Americans celebrate Hispanic Heritage Month from Sept. 15 to Oct. 15. The annual observation recognizes achievements and contributions of those whose ancestors came from Spain, Mexico, the Caribbean, and Central and South America.
Hispanic Heritage Week started in 1968 under President Lyndon Johnson. In 1988, President Ronald Reagan expanded the celebration from seven days to 30 days.
Why is Hispanic Heritage Month celebrated in the second half of September?
Five Latin American countries—Costa Rica, El Salvador, Guatemala, Honduras, and Nicaragua—gained independence from Spain on Sept. 15, 1821. Mexico, Chile, and Belize became independent on Sept. 16, 18, and 21. So, the celebration begins on Sept. 15.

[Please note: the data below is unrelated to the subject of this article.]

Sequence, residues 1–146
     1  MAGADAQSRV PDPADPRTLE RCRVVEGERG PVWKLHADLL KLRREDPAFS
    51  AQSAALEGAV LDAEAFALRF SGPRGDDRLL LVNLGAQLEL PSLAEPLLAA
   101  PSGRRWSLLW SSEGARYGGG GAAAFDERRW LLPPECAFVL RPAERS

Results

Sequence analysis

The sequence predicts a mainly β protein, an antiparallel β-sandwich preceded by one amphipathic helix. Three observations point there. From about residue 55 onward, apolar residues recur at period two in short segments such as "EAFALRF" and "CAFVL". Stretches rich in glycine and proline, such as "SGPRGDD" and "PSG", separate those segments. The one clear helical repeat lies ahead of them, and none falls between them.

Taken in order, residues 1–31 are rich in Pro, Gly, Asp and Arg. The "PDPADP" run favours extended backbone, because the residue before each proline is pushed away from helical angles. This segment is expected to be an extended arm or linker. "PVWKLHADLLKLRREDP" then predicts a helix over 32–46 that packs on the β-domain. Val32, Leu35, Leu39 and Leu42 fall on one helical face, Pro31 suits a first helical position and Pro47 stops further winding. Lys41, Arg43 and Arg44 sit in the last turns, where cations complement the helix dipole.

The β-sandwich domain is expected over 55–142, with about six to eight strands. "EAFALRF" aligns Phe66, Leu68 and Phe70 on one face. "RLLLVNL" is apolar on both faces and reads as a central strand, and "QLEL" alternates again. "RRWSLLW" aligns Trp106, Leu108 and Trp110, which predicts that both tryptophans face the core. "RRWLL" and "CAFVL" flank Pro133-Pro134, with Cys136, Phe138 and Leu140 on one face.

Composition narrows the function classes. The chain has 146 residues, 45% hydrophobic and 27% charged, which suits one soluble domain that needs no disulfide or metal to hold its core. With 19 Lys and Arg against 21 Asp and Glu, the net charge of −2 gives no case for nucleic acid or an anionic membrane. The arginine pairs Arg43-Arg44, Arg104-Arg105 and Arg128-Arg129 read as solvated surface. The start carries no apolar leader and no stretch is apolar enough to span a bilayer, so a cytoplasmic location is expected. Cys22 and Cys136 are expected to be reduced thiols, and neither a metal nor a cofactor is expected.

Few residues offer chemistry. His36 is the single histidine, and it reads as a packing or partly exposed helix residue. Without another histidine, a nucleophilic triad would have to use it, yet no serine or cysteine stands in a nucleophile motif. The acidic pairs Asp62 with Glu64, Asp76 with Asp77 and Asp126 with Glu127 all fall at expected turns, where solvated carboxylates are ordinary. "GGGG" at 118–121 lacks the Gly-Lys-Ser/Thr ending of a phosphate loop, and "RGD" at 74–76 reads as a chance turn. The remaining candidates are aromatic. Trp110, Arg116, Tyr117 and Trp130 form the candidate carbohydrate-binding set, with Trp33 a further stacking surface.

What is the difference between Hispanic and Latino?
These terms are often used interchangeably but actually means two different things. Hispanic refers to language while Latino refers to location. Hispanics are people who speak Spanish or descend from Spanish-speaking populations. Latinos are people who are from or descended from Latin America. People in many Latin American countries speak Spanish. Brazilians are an example of a Latino population that is not Hispanic. The country’s dominant language is Portuguese.